FIRE stands for Financial Independence Retire Early. FIRE FOMO stands for Financial Independence Retire Early Fear Of Missing Out. What a mouth full!
Whenever there is something hot and trendy it’s natural for more people to want to have or pursue that hot and trendy something. FIRE is extremely trendy right now because the stock market and real estate market are hot and there’s been a proliferation of blogs and media coverage about the FIRE movement.
When I first started talking about FIRE in 2009 there weren’t many of us. After all, 2009 was the worst of the Global Financial Crisis.
My goal by starting the FIRE conversation was to help make sense of the financial chaos and figure out a way to strategically quit my finance job sooner, rather than later. I had been working for 10 years in investment banking and really became disillusioned with work. I was burnt out and bored.
It wasn’t after almost three years since writing about FIRE did I actually retire early in 2012 for good. Instead of quitting, I devised a financially sound strategy of negotiating a severance in order to have a nice financial runway to increase my chances of staying retired.
The strategy worked as my severance paid for 5-6 years worth of normal living expenses. During this time, I got my wife to negotiate a severance as well. We the traveled the world and grew Financial Samurai to keep us intellectually stimulated.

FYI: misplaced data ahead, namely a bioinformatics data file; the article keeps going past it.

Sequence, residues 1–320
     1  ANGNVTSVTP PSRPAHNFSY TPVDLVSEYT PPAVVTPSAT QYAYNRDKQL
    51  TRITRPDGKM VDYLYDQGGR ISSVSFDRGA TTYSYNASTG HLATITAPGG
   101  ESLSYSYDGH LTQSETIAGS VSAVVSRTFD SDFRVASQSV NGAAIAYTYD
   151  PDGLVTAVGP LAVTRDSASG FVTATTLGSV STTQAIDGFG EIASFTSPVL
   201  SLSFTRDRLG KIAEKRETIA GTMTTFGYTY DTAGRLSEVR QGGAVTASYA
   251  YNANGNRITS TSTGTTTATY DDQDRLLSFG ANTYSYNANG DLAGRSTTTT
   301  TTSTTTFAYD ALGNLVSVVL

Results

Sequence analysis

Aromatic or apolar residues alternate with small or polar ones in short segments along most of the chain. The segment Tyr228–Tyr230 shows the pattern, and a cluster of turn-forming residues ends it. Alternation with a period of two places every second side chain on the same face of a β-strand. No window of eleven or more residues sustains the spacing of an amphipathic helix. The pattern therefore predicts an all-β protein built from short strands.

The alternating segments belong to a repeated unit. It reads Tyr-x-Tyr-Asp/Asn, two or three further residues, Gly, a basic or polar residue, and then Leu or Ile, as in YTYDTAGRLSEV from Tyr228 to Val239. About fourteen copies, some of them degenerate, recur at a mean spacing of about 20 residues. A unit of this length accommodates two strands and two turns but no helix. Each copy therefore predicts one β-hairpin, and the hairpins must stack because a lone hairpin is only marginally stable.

If you want to FIRE, you must negotiate a severance instead of quit your job with nothing.
FIRE FOMO Is Strong Nowadays
What I’ve noticed starting in 2019 and beyond is that there is a proliferation of new FIRE blogs and FIRE enthusiasts who want to retire early, but have no business retiring early.
To be truly FIRE, you must have enough investment income to cover your desired life’s living expenses.
Math doesn’t lie. Only we do on our path to FIRE.
For example, quitting your job (already a no no versus negotiating a severance) at age 30 with only $500,000 is a terrible move. Why? Because $500,000 can only generate $20,000 a year in income IF you can get a 4% rate of return.
Currently, the 10-year bond yield is at 2%. Therefore, the most risk-free income you can get off $500,000 is actually only $10,000 gross.
Unless you want to live a life of poverty, retiring on $500,000 is not wise. There are plenty of other expenses that may occur as you get older. These expenses include children, health, and taking care of your parents.
FIRE FOMO causes people to quit their jobs prematurely without enough financial strength to comfortably support their lifestyles. FIRE FOMO is the typical millennial stereotype of wanting things without putting in the proper dues.
Don’t Be Overcome With FIRE FOMO
Unless you want to live a childless, spartan existence, without giving a damn about taking care of your aging parents, suffering from FIRE FOMO is very dangerous.
Please be smart with your early retirement strategy. At least amass enough capital to cover all your housing, food, and other basic living expenses without having to relocate or downsize your life.
It’s disingenuous to say you are FIRE after quitting your job if you end up working like mad to actively make other income streams because you need the money. If this is the case, just say you changed careers.
Good luck on your FIRE journey!